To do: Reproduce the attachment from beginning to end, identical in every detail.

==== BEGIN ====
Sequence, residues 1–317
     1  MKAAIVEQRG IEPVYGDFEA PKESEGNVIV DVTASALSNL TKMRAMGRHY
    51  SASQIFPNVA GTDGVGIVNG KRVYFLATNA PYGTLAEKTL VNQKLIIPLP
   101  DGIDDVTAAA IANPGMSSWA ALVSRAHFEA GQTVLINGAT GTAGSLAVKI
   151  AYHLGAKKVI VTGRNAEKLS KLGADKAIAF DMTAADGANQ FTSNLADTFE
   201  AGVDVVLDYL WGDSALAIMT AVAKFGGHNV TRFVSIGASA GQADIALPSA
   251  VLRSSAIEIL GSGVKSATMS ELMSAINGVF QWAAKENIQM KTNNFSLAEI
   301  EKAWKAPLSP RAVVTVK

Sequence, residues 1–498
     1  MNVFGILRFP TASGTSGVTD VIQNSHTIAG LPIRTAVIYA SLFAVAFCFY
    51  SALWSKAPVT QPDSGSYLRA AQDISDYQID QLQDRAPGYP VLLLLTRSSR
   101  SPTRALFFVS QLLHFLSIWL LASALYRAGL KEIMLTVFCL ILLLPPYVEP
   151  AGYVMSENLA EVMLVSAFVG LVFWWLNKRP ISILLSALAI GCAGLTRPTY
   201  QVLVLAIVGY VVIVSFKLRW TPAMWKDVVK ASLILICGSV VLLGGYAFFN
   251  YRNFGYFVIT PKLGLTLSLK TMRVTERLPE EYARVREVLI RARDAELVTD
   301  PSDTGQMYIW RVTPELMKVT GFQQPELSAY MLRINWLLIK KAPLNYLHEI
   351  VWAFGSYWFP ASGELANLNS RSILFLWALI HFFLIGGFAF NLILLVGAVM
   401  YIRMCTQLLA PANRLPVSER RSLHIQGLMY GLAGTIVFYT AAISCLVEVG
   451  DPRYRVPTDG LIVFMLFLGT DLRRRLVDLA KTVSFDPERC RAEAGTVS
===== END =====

Sequence, residues 1–317
     1  MKAAIVEQRG IEPVYGDFEA PKESEGNVIV DVTASALSNL TKMRAMGRHY
    51  SASQIFPNVA GTDGVGIVNG KRVYFLATNA PYGTLAEKTL VNQKLIIPLP
   101  DGIDDVTAAA IANPGMSSWA ALVSRAHFEA GQTVLINGAT GTAGSLAVKI
   151  AYHLGAKKVI VTGRNAEKLS KLGADKAIAF DMTAADGANQ FTSNLADTFE
   201  AGVDVVLDYL WGDSALAIMT AVAKFGGHNV TRFVSIGASA GQADIALPSA
   251  VLRSSAIEIL GSGVKSATMS ELMSAINGVF QWAAKENIQM KTNNFSLAEI
   301  EKAWKAPLSP RAVVTVK

Sequence, residues 1–498
     1  MNVFGILRFP TASGTSGVTD VIQNSHTIAG LPIRTAVIYA SLFAVAFCFY
    51  SALWSKAPVT QPDSGSYLRA AQDISDYQID QLQDRAPGYP VLLLLTRSSR
   101  SPTRALFFVS QLLHFLSIWL LASALYRAGL KEIMLTVFCL ILLLPPYVEP
   151  AGYVMSENLA EVMLVSAFVG LVFWWLNKRP ISILLSALAI GCAGLTRPTY
   201  QVLVLAIVGY VVIVSFKLRW TPAMWKDVVK ASLILICGSV VLLGGYAFFN
   251  YRNFGYFVIT PKLGLTLSLK TMRVTERLPE EYARVREVLI RARDAELVTD
   301  PSDTGQMYIW RVTPELMKVT GFQQPELSAY MLRINWLLIK KAPLNYLHEI
   351  VWAFGSYWFP ASGELANLNS RSILFLWALI HFFLIGGFAF NLILLVGAVM
   401  YIRMCTQLLA PANRLPVSER RSLHIQGLMY GLAGTIVFYT AAISCLVEVG
   451  DPRYRVPTDG LIVFMLFLGT DLRRRLVDLA KTVSFDPERC RAEAGTVS